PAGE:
How often do you re-evaluate your technology setup? How long should a small retailer give a system to start to show return on investment?
We re-evaluate different parts of the business all the time. As a rule of thumb we have probably evaluated and changed our technology setup in some way every 4-6 months. Your technology system should show return on investment as soon as its built. If it’s not, then I would question if it’s been built to purpose.
There are new eCommerce solutions on the market every day, how do retailers avoid spend too much time and money chasing the next big thing before they have the right foundations in place?
Retailers can avoid that by setting the priorities of the business. If you are always looking for the next thing, you will fail to build on what the business has. When looking for a new platform, a procurement process should be followed with a very clear set of principles for what the objective of the procurement exercise is.
It is very difficult to move to a new platform when the fundamentals aren’t in place. This should be priority. Technology is never perfect; there is always more to do but switching platforms is a very costly exercise both in terms of capital and in terms of time and opportunity cost.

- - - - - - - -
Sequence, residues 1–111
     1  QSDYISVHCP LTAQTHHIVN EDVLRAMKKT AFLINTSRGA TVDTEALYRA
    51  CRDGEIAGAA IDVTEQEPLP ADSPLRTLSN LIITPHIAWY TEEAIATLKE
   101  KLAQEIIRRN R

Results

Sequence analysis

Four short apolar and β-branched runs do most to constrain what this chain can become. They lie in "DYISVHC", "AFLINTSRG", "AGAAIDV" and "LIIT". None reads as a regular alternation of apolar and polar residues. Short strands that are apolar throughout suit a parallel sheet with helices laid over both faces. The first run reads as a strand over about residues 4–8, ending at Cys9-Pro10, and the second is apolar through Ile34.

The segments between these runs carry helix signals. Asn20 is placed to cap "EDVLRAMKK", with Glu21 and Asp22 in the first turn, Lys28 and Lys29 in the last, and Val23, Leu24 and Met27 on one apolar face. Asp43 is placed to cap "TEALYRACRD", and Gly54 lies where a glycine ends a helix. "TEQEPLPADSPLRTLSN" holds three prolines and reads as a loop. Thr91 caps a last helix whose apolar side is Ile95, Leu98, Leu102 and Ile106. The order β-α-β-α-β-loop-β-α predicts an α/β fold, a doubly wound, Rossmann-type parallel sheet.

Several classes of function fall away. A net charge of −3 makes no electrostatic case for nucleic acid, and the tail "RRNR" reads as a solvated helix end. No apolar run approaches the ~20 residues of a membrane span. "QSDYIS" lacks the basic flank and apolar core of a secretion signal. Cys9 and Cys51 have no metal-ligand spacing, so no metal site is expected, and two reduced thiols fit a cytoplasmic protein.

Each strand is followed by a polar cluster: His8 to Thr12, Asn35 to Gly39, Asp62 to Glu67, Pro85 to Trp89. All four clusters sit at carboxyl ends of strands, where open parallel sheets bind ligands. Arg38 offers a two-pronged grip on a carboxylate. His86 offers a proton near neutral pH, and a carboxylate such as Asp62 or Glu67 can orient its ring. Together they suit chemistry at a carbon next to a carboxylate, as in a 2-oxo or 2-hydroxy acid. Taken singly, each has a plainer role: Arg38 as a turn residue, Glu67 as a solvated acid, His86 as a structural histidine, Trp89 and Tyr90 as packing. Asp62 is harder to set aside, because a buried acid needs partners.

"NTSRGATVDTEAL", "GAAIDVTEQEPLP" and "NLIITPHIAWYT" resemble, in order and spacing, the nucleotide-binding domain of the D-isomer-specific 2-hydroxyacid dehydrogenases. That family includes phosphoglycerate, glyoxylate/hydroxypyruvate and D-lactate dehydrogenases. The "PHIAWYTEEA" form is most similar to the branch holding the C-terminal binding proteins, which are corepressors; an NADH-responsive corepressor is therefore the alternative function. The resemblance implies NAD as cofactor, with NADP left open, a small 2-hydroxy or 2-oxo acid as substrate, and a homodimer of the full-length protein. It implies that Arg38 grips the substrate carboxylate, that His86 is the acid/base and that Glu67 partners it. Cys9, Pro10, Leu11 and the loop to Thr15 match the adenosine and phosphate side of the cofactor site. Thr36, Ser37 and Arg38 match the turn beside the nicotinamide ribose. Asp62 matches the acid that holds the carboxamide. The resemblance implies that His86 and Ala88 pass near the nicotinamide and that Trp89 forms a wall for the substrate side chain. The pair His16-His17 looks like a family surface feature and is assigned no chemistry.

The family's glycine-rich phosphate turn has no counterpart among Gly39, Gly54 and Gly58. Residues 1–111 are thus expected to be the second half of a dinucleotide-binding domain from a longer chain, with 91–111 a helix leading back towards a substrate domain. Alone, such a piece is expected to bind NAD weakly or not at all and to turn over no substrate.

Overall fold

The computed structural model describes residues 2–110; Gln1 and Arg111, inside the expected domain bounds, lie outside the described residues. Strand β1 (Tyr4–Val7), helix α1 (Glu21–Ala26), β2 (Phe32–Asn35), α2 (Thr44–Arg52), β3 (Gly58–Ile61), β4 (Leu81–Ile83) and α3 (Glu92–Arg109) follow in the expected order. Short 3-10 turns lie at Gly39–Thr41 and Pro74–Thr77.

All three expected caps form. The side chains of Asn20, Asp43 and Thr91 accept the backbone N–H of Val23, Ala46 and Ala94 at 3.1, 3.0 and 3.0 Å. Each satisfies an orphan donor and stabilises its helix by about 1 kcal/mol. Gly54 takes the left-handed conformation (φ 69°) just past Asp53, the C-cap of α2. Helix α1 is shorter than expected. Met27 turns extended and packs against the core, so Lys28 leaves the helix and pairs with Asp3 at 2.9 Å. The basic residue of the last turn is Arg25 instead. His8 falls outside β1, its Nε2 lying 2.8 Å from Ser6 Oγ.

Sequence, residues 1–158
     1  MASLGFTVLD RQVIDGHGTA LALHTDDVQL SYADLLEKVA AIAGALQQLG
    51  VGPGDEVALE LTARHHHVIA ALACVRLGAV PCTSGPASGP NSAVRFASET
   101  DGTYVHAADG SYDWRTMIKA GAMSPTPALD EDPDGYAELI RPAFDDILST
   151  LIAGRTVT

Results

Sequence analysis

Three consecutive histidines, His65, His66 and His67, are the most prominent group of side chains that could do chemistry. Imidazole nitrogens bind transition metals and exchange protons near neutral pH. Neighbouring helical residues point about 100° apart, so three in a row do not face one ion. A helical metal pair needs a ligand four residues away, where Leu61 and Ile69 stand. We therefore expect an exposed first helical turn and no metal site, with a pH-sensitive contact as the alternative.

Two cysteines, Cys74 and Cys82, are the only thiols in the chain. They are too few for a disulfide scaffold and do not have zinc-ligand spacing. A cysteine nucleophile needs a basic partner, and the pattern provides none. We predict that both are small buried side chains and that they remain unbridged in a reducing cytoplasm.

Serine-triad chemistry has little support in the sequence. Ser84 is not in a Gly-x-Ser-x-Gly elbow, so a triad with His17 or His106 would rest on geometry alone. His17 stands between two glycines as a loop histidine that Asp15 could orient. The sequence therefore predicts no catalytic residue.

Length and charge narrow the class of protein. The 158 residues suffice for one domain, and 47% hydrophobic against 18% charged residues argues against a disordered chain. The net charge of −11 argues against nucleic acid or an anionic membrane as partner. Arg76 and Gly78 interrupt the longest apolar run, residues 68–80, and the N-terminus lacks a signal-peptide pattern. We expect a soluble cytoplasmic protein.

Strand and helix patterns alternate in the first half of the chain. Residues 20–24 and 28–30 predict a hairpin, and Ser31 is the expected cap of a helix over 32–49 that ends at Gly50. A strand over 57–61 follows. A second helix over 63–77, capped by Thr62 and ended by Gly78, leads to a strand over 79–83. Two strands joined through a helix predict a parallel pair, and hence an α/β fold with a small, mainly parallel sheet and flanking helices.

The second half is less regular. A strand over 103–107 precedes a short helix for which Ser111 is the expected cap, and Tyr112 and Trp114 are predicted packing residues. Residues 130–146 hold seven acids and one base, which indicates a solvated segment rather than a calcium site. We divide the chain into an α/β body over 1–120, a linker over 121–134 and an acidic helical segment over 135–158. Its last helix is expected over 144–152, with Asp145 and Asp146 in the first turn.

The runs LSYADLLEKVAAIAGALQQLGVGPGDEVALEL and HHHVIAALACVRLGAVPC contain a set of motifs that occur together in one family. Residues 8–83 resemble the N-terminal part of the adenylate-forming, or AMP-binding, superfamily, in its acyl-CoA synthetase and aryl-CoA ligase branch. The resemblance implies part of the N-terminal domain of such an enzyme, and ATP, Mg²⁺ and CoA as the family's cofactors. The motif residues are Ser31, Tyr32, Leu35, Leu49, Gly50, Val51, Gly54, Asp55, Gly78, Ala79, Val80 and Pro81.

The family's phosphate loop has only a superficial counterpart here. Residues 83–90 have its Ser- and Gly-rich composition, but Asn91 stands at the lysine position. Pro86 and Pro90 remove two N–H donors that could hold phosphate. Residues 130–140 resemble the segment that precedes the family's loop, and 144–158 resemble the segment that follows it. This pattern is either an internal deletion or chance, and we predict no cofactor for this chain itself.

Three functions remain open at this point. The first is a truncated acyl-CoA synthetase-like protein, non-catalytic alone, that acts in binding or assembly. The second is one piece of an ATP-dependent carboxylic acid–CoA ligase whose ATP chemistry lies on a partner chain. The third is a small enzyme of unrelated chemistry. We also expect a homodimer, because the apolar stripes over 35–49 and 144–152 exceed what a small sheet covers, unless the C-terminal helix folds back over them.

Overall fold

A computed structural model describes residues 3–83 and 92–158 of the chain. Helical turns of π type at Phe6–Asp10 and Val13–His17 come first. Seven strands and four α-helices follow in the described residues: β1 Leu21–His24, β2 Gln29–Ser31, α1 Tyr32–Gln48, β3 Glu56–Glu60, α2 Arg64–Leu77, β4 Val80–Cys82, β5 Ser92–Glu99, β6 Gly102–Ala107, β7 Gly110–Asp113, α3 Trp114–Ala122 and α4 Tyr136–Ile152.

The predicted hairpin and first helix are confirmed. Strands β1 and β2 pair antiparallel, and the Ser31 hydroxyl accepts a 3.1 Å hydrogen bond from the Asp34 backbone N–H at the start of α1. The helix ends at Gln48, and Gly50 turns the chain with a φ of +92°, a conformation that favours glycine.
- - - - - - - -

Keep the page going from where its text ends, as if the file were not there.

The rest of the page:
While the team is finding and onboarding a new platform, they could be focused on sales or hiring (or another aspect of the business); and getting to know a new platform takes time too so this should always be factored into the pros and cons of platform switching.
What IT team setup do you have – dedicated website/marketing team? Outsourced management?
We have agencies that handle the development of our websites alongside a growing internal team that includes project manager, developer and analyst.
How do you use technology to keep your inventory and supply chain moving, from tracking stock to customer delivery?
We carefully choose our logistics partners and one key consideration is their technical capabilities, to ensure a seamless and powerful partnership. We are investing more into leveraging this capability to allow us to be as reactive as possible when it comes to managing supply chain – a constantly evolving part of any growing business.
I would argue though that the technology in this area of the business needs to be pretty sophisticated and automated from the beginning. If you hold stock it needs to be properly tracked and managed. We would not onboard a logistics partner who didn’t have capable technology; not in the beginning and not now.